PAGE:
Without a doubt, Artificial Intelligence is the most intensively developed field of the IT world. Using the AI, multiple devices recognise the correct operating parameters. Starting from the automotive ABS system, to recognising smiles by our smartphones when we want to take a selfie in the best possible moment, to selecting parameters for metal smelting processes. It’s all labelled “Artificial Intelligence”. Some people associate that with some sort of a brain that thinks in a similar way people do. Unfortunately, that’s not exactly right. As the only resemblance is that Artificial Intelligence comprises neural networks built from neurons similar to human neurons. And that’s about it. However, I will keep using references to humans to describe those phenomena.
I think we can leave the “How it works” technicalities for workshops organised to those truly interested in building such networks. Today, we’ll talk about the abstract level, namely how this network “thinks”.
The question used in the title may seem a bit infantile. To present how a neural network “thinks”, we need to use an easily understandable example.
A short story about… an AI creature
Let’s imagine we have a creature with nine eyes. Four pairs of eyes look sideways, and one central eye looks forward. What’s more, the eyes are fixed, which means they can’t move in any direction. The creature, let’s call him Z, cannot move in any direction. His legs allow him to walk forwards and rotate left or right. But he can’t walk backwards, which is obviously a serious burden. Z loves apples, but only red ones, as green and unripe ones make him feel sick.
Being a child creature
Z does not exactly know which eye sees what, so he keeps bumping into walls and—what’s worse—eating green apples.
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This way of operation of neural networks is called backpropagation method.
When Z makes an error (by bumping into wall or eating a green apple), neurons receive information that this decision was wrong. When the creature eats a red apple, the neural network receives information that this was a very good decision.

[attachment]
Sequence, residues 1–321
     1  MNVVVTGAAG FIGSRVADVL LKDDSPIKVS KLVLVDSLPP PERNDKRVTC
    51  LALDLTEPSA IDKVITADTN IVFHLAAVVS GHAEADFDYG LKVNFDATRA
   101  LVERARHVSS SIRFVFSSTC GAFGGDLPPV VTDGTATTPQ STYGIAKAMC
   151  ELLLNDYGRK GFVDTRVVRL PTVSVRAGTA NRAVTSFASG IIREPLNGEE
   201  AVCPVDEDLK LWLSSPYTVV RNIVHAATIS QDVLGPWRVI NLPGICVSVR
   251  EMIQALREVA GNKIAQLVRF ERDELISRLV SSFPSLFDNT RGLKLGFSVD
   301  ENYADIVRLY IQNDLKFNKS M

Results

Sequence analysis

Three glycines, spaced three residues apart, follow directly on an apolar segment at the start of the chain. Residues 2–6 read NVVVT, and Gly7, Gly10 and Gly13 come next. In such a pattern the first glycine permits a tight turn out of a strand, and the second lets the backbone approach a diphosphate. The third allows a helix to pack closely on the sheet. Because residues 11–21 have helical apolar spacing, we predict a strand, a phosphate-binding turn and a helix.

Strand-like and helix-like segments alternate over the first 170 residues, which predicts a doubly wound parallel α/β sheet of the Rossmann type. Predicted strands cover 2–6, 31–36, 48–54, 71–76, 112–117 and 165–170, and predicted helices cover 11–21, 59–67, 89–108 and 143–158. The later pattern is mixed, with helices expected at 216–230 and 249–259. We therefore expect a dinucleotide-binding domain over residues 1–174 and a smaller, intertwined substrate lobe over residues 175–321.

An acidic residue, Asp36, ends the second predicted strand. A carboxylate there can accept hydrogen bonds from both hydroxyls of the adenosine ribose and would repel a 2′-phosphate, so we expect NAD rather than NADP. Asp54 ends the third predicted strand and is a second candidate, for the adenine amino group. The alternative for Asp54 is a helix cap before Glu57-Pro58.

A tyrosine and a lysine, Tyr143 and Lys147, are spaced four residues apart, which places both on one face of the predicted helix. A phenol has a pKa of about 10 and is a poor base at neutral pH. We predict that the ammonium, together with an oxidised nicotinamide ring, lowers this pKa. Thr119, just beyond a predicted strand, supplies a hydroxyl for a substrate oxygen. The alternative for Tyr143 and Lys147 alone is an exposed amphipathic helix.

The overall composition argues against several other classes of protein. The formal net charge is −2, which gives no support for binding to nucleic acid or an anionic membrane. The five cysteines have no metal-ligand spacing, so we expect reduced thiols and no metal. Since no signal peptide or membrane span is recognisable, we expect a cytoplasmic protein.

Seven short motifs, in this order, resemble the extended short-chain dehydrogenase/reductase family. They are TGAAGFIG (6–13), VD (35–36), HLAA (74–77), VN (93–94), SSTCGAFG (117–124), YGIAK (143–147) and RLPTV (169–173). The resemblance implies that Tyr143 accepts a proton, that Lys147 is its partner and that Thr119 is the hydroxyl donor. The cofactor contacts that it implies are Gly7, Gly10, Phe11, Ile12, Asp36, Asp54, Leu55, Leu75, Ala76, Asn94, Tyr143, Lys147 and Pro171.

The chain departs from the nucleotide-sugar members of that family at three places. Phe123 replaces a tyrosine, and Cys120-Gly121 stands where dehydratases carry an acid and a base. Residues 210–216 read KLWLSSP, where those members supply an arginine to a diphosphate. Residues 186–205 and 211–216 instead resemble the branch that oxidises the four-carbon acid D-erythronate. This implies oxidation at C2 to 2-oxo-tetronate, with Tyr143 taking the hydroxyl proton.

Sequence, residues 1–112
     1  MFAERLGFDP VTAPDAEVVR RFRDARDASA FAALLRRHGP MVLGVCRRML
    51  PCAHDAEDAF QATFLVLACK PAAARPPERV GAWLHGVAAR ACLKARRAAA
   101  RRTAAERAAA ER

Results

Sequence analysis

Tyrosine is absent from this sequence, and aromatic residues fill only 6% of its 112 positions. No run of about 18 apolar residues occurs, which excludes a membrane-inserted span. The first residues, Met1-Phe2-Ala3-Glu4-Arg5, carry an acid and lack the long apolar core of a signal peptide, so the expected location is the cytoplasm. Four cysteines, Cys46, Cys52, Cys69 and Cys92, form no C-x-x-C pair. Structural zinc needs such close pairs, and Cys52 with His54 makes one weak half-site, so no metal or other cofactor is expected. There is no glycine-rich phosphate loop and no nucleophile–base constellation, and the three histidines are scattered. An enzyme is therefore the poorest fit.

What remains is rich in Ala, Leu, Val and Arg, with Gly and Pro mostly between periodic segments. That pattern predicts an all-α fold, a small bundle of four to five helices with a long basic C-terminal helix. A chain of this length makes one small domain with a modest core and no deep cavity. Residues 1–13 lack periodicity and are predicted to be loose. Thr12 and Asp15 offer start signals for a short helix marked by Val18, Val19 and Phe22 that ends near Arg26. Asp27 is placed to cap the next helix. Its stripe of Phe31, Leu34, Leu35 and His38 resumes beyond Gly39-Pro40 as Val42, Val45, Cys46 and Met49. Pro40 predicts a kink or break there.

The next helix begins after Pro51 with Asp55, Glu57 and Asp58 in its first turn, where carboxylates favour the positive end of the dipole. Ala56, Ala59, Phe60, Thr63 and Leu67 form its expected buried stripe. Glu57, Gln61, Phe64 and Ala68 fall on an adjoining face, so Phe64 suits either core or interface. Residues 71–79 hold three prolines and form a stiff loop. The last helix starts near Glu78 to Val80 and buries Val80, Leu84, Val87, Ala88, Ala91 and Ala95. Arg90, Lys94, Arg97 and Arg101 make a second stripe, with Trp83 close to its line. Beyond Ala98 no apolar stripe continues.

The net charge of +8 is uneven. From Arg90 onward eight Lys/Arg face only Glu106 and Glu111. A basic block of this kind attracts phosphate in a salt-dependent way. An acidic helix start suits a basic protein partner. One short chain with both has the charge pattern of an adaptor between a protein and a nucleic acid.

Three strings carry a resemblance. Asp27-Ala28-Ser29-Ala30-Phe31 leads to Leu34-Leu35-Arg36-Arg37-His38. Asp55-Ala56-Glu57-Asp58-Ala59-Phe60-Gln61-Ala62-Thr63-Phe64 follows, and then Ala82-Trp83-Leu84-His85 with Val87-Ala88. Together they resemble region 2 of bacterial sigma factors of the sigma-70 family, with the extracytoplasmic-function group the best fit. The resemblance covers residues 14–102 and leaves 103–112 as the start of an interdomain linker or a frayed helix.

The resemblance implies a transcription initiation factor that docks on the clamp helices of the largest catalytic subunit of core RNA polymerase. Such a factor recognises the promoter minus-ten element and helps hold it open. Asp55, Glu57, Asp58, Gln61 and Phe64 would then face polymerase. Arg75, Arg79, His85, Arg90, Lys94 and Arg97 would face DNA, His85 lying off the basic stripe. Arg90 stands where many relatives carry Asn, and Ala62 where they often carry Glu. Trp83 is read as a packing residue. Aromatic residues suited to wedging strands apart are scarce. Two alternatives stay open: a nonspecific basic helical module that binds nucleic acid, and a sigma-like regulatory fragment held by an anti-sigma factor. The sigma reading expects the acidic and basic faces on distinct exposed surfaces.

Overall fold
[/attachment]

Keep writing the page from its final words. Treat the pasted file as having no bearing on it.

This way, Z will slowly learn which decisions are good, and which are bad for him. This system of “rewards and punishments” means that at some point, the creature makes less errors, but sadly they still happen. In such cases we say that Artificial Intelligence is at the level of e.g. 97%. Which means 3% of decisions are wrong ones.
Where does AI get its knowledge from?
Every neural network needs certain things so it can learn what we want it to learn. Those things are “data sets” the neural network can use to gain knowledge. Data sets can be divided into two types:
- A ready data set, e.g. test results of patients and detected diseases. Thanks to this, we know what input data should be used for the neural network (Z’s eyes) — here, that data will be patients’ test results. We also know what the neural network’s response should be (what Z’s legs should do). I.e. which disease will be detected based on that data.
- The second set is the result of a simulation. In the video above, we created a virtual maze for Z with apples randomly scattered around. The simulation feeds sensor readings to the neural network, receives information about the creature’s movement in return, and then simulates that movement.
In both cases, it’s important to have enough data. A simulation will always have plenty. When you take real world information, you need to make sure there is a sufficient amount of that data. To simplify things, it is accepted that the minimum amount of data should be
10n — where n is the number of “decisions” your network can make.
In Z’s case—who only moves forwards and backwards or rotates left and right—n equals 3, so you need at least 1,000 pieces of data for the network to learn. In a simulation, there are definitely more such situations. Now think how much data you would need to detect 10 different diseases based on blood test results. Quite a lot, right?
Will Z like AI?
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After a few minutes of learning, Z is running around and eating red apples like crazy. In the meantime, he has learned which eye looks in which direction. He has understood that the distances seen by the outmost eyes are less relevant than a wall seen by the centre eye.
If you want to play with your creature, visit the Stanford University website.